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The Imperative to WriteDestitutions of the Sublime in Kafka, Blanchot and Beckett$
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Jeff Fort

Print publication date: 2014

Print ISBN-13: 9780823254699

Published to Fordham Scholarship Online: September 2014

DOI: 10.5422/fordham/9780823254699.001.0001

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The Dead Look

The Dead Look

The Death Mask, the Corpse Image, and the Haunting of Fiction

(p.248) Chapter 7 The Dead Look
The Imperative to Write

Jeff Fort

Fordham University Press

This chapter builds on the previous chapter’s discussion of remnants of death as emblems of ghostly temporality. The death mask in Blanchot’s Death Sentence (L’arrêt de mort) is placed at the center of a constellation of texts in which the image of the death mask is linked to Kant’s transcendental schematism (Critique of Pure Reason) and thus to the very possibility of image and world. Jean-Luc Nancy’s essay “Masked Imagination” (in The Ground of the Image) is discussed in terms of Heidegger’s analysis of the schematism together with the reference to a death mask found there. These analyses are in turn linked with Blanchot’s essay “Two Versions of the Imaginary” in which the image of the corpse is given a privileged ontological status, reinforcing the connection between the remnant (dépouillement) of the death mask and the corpse (dépouille) as emblems for the constitutive hauntedness of writing. The notion of haunted fiction is explored further in reference to Henry James’ tale “The Turn of the Screw,” phrases and images from which are repeated in Blanchot’s When the Time Comes (Au moment voulu). Reference is made to the mass produced death mask known as l’Inconnue de la Seine, a copy of which Blanchot hung on the wall of his writing space. Finally, an analysis is offered of Blanchot’s essay on Kafka’s Letters to Milena, “Milena’s Failure” (“L’échec de Milena”).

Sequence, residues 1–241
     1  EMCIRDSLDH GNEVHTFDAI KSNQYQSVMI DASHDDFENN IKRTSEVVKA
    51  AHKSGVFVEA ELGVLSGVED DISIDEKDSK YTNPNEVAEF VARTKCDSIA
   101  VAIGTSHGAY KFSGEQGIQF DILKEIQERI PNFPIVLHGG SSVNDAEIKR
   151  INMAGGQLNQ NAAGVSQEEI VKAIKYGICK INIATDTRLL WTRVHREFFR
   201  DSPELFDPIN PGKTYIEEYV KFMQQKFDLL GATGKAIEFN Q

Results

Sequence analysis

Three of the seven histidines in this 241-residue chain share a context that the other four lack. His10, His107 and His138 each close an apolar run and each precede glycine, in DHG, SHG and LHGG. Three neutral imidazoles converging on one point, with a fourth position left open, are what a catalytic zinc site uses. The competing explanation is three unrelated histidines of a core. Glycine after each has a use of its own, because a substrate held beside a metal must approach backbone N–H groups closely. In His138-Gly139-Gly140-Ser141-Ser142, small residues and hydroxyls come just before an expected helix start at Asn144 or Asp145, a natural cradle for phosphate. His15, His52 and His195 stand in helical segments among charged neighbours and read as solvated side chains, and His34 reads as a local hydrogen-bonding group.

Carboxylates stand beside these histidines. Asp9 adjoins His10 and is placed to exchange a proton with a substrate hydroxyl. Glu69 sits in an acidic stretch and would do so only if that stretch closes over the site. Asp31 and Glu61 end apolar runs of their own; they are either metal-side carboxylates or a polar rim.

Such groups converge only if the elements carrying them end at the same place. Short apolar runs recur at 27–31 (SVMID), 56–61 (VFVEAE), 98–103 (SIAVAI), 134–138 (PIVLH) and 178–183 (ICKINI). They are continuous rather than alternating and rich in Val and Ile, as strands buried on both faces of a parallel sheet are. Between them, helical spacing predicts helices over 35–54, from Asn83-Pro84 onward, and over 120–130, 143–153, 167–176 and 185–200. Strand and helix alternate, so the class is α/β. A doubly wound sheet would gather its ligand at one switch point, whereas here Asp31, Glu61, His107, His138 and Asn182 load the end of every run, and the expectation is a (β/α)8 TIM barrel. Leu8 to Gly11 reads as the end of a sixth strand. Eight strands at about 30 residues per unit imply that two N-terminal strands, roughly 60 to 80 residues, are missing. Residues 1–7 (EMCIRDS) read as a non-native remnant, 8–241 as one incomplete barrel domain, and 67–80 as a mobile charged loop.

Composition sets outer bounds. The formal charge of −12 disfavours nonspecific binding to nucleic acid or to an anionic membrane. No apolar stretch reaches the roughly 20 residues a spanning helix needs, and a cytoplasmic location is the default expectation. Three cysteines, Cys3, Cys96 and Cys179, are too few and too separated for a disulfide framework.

Keywords:   Blanchot, Kant, Heidegger, Jean-Luc Nancy, Henry James, Death Sentence, Ground of the Image, Kant and the Problem of Metaphysics, transcendental schematism, imagination, death mask, Inconnue de la Seine, corpse, haunted fiction, Kafka, Letters to Milena, “Milena’s Failure”

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